PC | 1 | 0 | 0 | 0 | 0 | 0 | 0 | 0 | ||||||||

IV | BMI | 28 | 10 | 18 | 26 | 2 | 0 | 3 | ||||||||

CHL | 23 | 11 | 9 | 0 | 0 | 0 | ||||||||||

SBP | 26 | 17 | 1 | 0 | 2 | |||||||||||

PC | 27 | 2 | 0 | 3 | ||||||||||||

V | BMI | 20 | 1 | 17 | ||||||||||||

CHL | 3 | 1 | ||||||||||||||

VI | BMI | 36 |

## Discussion

Missing data is a critical issue in observational studies, especially those with longitudinal data. Methods for handling missing data have received little attention in genetic epidemiology. Therefore, we undertook an empirical investigation of how six different missing data approaches compared with regard to the number of significant linkages observed across four traits. The six different approaches represent three of the four categories for methods handling missing data: complete subject analysis, imputation-based procedures, and model-based procedures. Since a complete data set was needed for the linkage analysis, the weighting procedure was not performed. Our results demonstrate that there can be substantial variability in linkages when using different methods to handle missing data.

The complete-subject approach (Method IV) generated the most significant *p*-values (*n* = 105), while the other methods gave from 19 to 38 significant *p*-values. Thus, the elimination of individuals with missing values may have introduced a bias into the study, leading spurious results. Most likely individuals with missing values are not MCAR. Those with higher values for the measured health indicators are more likely to miss exams due to poor health or the embarrassment from having previous high values. The smaller sample size used with this method may have also led to an increased number of false-positive results.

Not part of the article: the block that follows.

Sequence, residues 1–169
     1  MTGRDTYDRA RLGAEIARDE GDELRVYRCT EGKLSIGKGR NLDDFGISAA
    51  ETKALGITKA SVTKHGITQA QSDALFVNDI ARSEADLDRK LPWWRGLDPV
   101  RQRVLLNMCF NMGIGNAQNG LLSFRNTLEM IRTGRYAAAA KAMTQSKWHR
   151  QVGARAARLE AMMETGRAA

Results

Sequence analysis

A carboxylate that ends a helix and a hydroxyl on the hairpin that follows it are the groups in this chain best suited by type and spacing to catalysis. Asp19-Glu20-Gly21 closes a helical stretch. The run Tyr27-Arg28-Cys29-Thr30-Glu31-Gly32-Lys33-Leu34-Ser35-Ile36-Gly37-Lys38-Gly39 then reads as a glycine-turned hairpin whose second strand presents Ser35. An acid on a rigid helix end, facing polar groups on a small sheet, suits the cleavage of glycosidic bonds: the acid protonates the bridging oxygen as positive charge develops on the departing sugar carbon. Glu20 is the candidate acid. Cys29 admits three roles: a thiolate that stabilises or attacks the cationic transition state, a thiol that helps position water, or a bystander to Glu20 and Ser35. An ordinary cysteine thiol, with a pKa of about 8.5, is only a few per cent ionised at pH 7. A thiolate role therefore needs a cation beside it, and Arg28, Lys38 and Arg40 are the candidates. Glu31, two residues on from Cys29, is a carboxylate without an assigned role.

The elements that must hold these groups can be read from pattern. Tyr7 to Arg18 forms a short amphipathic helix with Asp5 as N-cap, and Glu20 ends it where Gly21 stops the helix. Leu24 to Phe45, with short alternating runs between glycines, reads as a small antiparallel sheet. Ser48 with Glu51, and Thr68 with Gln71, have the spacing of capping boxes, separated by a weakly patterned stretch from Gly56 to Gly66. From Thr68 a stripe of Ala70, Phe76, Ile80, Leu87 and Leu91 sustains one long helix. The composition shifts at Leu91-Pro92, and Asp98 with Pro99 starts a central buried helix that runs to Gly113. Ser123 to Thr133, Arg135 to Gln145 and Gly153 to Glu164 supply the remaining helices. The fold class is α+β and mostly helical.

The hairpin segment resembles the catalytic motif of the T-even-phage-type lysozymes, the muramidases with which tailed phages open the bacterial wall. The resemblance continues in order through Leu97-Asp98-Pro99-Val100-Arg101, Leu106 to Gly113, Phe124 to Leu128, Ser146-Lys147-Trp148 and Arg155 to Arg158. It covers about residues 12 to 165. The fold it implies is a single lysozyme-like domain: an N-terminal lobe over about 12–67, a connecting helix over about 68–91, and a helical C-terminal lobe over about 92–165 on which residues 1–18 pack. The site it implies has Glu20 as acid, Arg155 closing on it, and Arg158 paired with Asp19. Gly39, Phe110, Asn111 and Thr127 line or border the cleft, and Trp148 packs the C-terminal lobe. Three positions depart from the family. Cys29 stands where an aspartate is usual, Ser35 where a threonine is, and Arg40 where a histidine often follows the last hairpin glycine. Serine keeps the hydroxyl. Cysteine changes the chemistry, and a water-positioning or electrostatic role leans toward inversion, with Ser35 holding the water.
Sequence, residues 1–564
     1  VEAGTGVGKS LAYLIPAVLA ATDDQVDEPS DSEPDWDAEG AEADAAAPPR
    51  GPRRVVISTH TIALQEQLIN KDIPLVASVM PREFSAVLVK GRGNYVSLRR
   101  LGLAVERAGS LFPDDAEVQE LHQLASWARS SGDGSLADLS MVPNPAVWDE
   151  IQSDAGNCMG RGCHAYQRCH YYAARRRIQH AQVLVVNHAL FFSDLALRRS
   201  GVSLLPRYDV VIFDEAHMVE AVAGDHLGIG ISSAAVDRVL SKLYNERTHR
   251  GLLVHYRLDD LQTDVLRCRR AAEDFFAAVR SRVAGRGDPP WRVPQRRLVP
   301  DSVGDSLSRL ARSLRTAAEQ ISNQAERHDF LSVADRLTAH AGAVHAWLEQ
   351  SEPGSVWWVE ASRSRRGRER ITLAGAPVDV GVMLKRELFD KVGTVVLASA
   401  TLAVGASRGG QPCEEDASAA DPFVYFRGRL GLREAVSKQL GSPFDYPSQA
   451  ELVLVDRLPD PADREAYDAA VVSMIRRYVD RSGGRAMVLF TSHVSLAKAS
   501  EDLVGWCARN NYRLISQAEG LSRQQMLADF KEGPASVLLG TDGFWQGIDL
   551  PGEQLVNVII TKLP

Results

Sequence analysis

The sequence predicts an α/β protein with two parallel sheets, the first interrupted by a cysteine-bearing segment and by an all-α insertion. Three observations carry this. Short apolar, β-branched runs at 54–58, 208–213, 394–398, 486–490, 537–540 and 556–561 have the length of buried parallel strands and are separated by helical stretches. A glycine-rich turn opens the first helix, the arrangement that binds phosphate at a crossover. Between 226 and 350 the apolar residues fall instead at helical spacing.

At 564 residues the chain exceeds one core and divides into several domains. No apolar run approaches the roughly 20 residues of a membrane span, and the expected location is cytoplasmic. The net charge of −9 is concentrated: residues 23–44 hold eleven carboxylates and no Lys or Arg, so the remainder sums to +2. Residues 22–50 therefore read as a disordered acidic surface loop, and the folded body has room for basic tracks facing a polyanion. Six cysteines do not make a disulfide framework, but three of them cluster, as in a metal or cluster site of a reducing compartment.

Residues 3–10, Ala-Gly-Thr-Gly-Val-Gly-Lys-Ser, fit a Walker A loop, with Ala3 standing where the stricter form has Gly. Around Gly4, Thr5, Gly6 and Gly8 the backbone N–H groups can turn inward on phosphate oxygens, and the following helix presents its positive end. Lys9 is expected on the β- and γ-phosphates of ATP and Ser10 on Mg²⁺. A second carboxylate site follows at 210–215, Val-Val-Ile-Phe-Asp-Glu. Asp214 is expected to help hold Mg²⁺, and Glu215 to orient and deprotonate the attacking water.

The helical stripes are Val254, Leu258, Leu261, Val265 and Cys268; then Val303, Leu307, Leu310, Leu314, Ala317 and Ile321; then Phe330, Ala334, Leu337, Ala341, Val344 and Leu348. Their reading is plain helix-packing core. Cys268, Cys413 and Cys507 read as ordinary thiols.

The traits we focused on are indicators for health status and are risk factors for many common diseases. For example, CHL, BMI, and SBP are risk factors for cardiovascular disease and stroke. For each trait (CHL, BMI, SBP, and PC), we choose to perform a linkage analysis aimed at identifying the genes involved in the change of these traits through time.

Note that our analyses did not adjust the degrees of freedom for multiple imputation. In practice, this should be done because the imputed values are not truly observed, but instead are based on the existing observed values [10].

Further studies using simulation methods should be conducted comparing the results from different missing data imputation methods. In addition, original data sets from studies finding linkage could be re-examined after using data imputation for comparison and possibly improving previous results.

## Conclusions

Applying different imputation methods for missing data to linkage analyses of longitudinal data can substantially influence one's results. We found that the number of statistically significant results differed quite a bit for each of the six methods used here. As expected, similar types of methods agreed the majority of the time. In summary, while longitudinal studies are critical for evaluating linkage to traits that may vary over time, the treatment of missing data in such studies may greatly affect linkage results and should be considered with caution.

## Notes

### Acknowledgments

We thank the reviewers for their helpful comments. This work supported by the following grants from the National Institutes of Health (CA88164, CA94211, T32-HL07567). The results reported were obtained by using the program package S.A.G.E., which is supported by U.S. Public Health Service Resource grant RR03655 from the National Center for Research Resources. Part of JSW's work reported in this paper was undertaken during the tenure of a Visiting Scientist Award by the International Agency for Research on Cancer.